On my way to church yesterday morning I was stopped at a red light where a young man, about my age, was crossing with his Bible in hand. It seemed to me that he was heading to a church service at a nearby Methodist or Presbyterian church, and I envisioned him to be answering a simple call from God to get to know Him. I saw myself in the guy, only a version of myself that was living a simple faith dedicated to knowing God more fully and willing to surrender to that call. I gleamed upon my first year or so of sobriety when I was at peace with the fact that I didn’t have it all figured out, but I was being shown Divine meaning each day. I craved the simplicity I had projected onto that young man, and asked for God to rekindle that simple faith within me.
By comparison, my short commute to Mass was full of hyper-sensitivity to my own shortcomings, failures, and sinfulness. It seemed to be at the front of my mind and all too close to my heart. I yearned to see familiar faces within the community of believers that I’ve received so much from, but uneasy with the fact that I was showing up as a fraud—as a sinner that may be beyond repair.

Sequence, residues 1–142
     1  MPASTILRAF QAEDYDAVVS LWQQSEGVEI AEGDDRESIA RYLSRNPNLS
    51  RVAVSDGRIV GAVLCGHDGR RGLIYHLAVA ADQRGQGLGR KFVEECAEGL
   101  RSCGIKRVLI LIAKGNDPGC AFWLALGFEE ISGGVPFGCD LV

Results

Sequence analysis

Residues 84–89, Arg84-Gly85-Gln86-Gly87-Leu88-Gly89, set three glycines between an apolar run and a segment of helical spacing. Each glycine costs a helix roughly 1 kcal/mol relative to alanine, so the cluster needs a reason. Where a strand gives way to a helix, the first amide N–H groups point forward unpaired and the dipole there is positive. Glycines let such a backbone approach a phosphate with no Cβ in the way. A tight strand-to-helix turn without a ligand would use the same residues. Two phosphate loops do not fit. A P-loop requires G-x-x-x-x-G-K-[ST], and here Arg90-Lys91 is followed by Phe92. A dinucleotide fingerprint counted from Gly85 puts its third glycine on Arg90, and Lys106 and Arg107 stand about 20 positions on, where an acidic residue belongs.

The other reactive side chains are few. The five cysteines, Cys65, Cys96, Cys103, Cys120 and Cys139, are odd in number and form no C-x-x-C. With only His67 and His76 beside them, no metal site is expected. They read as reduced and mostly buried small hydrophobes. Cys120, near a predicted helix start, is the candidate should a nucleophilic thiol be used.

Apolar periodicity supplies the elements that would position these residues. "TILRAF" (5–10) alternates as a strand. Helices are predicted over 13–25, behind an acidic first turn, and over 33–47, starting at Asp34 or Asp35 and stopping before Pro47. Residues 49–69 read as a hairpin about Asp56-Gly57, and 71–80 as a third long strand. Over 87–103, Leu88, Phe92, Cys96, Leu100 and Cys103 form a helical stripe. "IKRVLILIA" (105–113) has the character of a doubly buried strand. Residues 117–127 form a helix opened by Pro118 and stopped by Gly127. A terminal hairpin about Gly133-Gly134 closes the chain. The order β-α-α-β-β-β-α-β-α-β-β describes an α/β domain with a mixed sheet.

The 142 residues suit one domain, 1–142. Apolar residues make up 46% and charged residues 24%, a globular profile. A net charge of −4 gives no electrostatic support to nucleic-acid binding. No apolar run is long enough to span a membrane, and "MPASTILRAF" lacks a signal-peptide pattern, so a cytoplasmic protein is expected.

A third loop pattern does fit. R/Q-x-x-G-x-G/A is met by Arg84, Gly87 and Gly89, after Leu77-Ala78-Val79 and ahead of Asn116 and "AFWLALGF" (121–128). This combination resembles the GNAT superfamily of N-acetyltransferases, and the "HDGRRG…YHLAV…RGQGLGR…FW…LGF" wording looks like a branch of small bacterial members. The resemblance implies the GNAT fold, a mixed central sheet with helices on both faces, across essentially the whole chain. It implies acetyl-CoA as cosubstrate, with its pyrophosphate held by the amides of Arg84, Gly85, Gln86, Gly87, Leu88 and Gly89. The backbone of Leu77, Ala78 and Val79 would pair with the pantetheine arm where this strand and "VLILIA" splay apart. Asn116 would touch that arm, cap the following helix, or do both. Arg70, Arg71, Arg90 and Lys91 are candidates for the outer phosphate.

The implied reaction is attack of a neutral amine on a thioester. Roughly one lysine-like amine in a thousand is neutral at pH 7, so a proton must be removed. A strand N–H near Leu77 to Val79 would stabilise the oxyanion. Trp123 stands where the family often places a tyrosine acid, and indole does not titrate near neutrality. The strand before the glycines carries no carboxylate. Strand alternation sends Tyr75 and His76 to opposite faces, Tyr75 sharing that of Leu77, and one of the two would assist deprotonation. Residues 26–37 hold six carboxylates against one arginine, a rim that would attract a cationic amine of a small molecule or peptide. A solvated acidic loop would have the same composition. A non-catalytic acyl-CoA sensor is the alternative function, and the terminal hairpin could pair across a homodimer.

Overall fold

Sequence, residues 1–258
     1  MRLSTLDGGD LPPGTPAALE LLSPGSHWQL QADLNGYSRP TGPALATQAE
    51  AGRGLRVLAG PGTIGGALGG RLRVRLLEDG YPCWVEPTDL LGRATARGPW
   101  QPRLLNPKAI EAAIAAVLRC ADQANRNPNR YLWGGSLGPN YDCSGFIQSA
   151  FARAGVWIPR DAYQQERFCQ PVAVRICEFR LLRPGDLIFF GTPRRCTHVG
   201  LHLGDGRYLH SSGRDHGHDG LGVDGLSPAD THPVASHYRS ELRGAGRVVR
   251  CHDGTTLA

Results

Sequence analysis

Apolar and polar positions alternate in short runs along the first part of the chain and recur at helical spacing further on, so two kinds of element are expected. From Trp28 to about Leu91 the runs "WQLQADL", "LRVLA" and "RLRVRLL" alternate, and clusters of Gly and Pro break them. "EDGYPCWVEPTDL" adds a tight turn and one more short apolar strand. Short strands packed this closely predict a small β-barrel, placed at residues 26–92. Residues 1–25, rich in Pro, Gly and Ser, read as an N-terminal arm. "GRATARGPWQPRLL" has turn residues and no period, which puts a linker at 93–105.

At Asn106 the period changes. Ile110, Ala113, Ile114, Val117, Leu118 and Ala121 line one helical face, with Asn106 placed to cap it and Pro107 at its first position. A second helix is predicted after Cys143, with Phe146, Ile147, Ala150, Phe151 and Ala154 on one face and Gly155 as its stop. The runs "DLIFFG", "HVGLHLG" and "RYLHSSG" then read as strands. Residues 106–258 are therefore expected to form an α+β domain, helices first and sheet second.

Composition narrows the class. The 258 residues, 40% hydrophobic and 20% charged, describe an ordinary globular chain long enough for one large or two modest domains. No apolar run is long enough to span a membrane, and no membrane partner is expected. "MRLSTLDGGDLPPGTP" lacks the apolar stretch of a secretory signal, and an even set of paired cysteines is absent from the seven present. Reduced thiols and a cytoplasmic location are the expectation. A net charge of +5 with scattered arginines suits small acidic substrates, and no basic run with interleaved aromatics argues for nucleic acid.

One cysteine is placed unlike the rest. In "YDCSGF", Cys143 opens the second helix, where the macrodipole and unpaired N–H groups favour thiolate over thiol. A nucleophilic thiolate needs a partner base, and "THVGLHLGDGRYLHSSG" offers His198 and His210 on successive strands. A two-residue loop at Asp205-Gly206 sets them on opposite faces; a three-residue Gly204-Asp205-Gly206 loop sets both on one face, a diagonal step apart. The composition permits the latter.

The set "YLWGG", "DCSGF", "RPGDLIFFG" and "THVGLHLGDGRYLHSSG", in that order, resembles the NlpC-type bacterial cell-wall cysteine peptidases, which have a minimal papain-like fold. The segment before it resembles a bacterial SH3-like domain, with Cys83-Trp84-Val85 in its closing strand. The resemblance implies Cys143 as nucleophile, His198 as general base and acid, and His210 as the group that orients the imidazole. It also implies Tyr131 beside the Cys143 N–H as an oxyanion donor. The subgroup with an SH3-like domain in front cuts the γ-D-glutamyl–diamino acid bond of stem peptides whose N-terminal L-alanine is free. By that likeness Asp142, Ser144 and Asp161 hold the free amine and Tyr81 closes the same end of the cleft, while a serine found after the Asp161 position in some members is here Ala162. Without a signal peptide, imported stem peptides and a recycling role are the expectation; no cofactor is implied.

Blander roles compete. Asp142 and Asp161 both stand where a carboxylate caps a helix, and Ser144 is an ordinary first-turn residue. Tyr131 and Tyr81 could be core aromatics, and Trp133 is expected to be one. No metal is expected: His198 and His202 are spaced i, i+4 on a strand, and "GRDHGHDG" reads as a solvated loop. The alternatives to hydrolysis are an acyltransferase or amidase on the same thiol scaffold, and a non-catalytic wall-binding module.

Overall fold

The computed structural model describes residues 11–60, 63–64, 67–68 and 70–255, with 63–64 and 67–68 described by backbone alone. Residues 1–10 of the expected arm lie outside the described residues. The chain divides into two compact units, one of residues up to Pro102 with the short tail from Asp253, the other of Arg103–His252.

After settling into the familiar rhythm of the Mass I found myself almost seeking validation of not only my brokenness, but my “beyond repairedness”. The lies that were bouncing back and forth between my ears were hoping for confirmation that there just isn’t another chance for me, as if the message of salvation is saved only for those who have constantly followed His commands without error or hiccup.
The first reading told of Moses proclaiming God’s message to the Israelites. I noticed that he did not direct the message to only those who still have a chance at saving, but all who shall “Return to the Lord, your God, with all your heart and all your soul” (Deuteronomy 30:11).
Throughout the Mass I heard Jesus repeatedly say “I have come to call sinners.” I could hear him talking to me! He was reaching his merciful hand of love to all of us who have gone astray: either in our week, in our year, or in our life! This knowledge turned into real belief when together we acclaimed, “Lord, I am not worthy that You should enter under my roof, but only say the word and my soul shall be healed.”
In short time He was reigniting the simple faith that I portrayed in the Bible-holding man crossing my path just an hour earlier. I could see it in myself, through the love of Jesus Christ who stood crucified before me and who offered Himself—Body and Blood—that I may receive Him and enter into communion with Him. The forces of evil and lies that had set up shop in my head were being dwarfed by the love of God. Once again, it was Him doing for me what I could not do for myself. It was simple, even if I don’t have it all figured out.
Knowledge is one thing. Belief is another.